Hustle Culture is Part of the Bigger Problem Many of Us Have with Our Food
I’ve managed to stack calls back to back to back all day, and this is not the first time I’ve done this. I’m mentally kicking myself for not scheduling time to eat that does not involve my desk, that can be eaten with one hand, leaving me free to click and scroll my way through email while I attempt to nourish myself. There are days when the calories (energy for my body) I’m consuming would, by most accounts, be classified as junk food. And, let’s be clear, I am the Executive Director of EATS. We pride ourselves on healthy and nutritious eating; in the connection, we have to food.
The irony of this post is that I am writing it in between lunch bites in the few minutes I have before jumping on another call. I am fully immersed in the hustle culture, and let me tell you, it’s a problem, and I only see it getting worse.
Buzzword alert! I said “hustle culture” What the french toast (I love food puns) is hustle culture? From our friends at Good Housekeeping, It’s a lifestyle where career has become such a priority in your life or the environment that you work in that other aspects of being human — such as hobbies, family time, and self-care — often take a back seat. My spicy take here is that hustle culture affects everyone. Stay-at-home parents are still part of this because your work is all the work that your partner can’t or doesn’t have time for. We all have lists that are too long and too many tasks, appointments, etc., to accomplish daily to simply be “caught up.”
Tell me something I don’t know. I am not saying anything revolutionary here. Where I see and feel the hustle culture pervasively is in my diet. It takes mental energy and monetary resources that show my privilege that I can eat a fairly decent meal, albeit, at my desk, that is fresh and nutritious most of the time. I have phases, and they are getting longer, where if I take a career step, my personal life takes a backseat.
Remember this NPR article where it states that our children are eating more than 60% of their calories from heavily processed food. Wonder why? I don’t. I think we all know why. Processed foods are easy, readily available, and in a growing number of scenarios, less expensive than our less processed foods. As a working mom who has definitely been too tired to make dinner where eating out isn’t in the budget, I have made a packaged mac n’ cheese and called it good.
While this solution does get the children fed, the problem is that it exists right along with epidemic-level chronic illness rates. If you have not heard that diabetes is at epidemic proportions in the United States, now you have. And the kicker on this specific illness, type II diabetes, is that it is entirely lifestyle-based. My mind is blown that more people aren’t screaming and taking to social media to demand reform and solutions. Except, the answer doesn’t come from a package which makes it immensely harder to add into our already jam-packed (I did it again) lives.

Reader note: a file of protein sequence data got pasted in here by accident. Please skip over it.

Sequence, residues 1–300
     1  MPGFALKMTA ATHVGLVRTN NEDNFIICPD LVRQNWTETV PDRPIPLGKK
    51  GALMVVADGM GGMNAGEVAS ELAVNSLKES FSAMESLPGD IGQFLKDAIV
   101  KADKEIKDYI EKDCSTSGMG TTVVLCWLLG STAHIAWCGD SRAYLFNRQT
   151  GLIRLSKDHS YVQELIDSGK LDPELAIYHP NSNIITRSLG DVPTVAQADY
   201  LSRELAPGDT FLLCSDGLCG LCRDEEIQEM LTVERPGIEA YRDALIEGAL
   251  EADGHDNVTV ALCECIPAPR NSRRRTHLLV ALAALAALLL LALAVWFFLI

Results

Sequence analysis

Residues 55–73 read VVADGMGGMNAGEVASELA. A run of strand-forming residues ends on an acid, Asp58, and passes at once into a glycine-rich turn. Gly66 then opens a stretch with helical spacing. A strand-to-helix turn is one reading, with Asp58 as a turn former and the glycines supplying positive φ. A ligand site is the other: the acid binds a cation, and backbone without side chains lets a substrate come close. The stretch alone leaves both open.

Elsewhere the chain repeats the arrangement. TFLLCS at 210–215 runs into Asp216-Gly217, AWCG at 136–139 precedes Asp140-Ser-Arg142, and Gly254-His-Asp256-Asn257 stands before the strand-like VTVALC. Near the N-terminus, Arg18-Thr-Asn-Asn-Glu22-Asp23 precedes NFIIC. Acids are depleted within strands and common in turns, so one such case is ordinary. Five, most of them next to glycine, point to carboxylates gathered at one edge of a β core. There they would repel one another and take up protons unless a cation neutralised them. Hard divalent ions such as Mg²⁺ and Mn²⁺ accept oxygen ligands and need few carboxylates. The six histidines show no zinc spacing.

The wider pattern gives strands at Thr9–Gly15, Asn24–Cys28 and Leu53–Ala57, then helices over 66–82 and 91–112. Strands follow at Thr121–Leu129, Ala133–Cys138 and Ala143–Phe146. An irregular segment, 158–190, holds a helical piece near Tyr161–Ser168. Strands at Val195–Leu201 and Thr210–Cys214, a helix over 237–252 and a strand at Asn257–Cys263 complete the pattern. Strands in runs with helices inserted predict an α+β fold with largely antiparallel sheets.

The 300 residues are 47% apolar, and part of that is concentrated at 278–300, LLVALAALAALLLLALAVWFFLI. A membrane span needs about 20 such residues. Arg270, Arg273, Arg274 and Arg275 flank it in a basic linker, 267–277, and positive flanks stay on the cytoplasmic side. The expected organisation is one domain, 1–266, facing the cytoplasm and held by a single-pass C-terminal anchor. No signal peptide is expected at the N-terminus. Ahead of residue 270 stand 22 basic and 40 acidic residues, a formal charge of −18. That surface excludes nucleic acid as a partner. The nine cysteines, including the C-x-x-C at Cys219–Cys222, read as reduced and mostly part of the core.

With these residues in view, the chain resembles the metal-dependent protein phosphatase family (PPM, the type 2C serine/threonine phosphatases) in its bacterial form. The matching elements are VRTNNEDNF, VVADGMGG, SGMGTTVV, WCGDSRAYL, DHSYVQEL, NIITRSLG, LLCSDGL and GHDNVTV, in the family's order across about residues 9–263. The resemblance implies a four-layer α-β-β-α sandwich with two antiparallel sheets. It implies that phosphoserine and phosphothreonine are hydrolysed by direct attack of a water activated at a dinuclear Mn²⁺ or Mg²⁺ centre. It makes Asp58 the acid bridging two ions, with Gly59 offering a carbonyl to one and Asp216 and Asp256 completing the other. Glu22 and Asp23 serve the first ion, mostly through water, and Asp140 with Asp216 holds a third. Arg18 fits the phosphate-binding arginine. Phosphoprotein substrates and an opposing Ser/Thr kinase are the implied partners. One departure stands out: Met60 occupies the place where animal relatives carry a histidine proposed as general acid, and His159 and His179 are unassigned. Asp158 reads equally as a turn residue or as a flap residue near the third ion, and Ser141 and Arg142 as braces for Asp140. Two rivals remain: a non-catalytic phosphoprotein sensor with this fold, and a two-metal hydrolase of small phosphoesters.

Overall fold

I’m getting off my soapbox now to share some tangible ways we can connect with our food without completely overhauling our lives ‘cause, let’s be honest, an overhaul isn’t a realistic possibility for the vast majority of us.
These three tips are how I am making meaningful changes to my routine and are meant to bring the connection back to our meals.
Connection point 1: Mindful eating. Say it with me now, “Stop eating at your desk.” (I will take my advice). Schedule 10 minutes and eat somewhere else. Does your work have a patio with a bench? If you’re working from home, set yourself a place at the table. A few minutes where your meal is your focus goes a very long way in connecting to your food.
Connection point 2: Acknowledge how your food will fuel you. Take 30 seconds and answer this question to yourself or out loud, “How is X going to fuel Y?” Our food is fuel, and our days are filled with why’s. Is what you’re about to eat going to fuel you? If not, and this is a growth opportunity for all of us, how can we do it better next time and follow through?
Connection point 3: Where did your food come from? Where did my peanut butter sandwich come from before the ingredients hit my kitchen? Can you trace the path from the plate back to the seed? Even if you don’t make a single change, and I love a peanut butter and jelly sandwich, acknowledging and knowing your food journey makes you more connected to your food. It gives you a sense of where and what it takes for the peanuts to grow, be harvested and roasted, ground into peanut butter, be packaged, shipped from one place to another, and end up on my grocer’s shelf before being purchased by me to land in my pantry for my daily PB &J. Do you feel more appreciation for the journey that peanut butter took and all of the energy that went into it? I sure do.
For the time being, our hustle culture isn’t going anywhere. We all could use a few extra hours in the day. But now you have some food for thought (I can’t stop) about why you’re eating, how it serves you, and maybe the journey it had to take.
If you want to feel more connected to your food and maybe even learn some new skills or recipes, please sign up for EATS’ bi-monthly email and/or follow us on social media.
I’m grape-ful for you.
Meaghan Miller Gitlin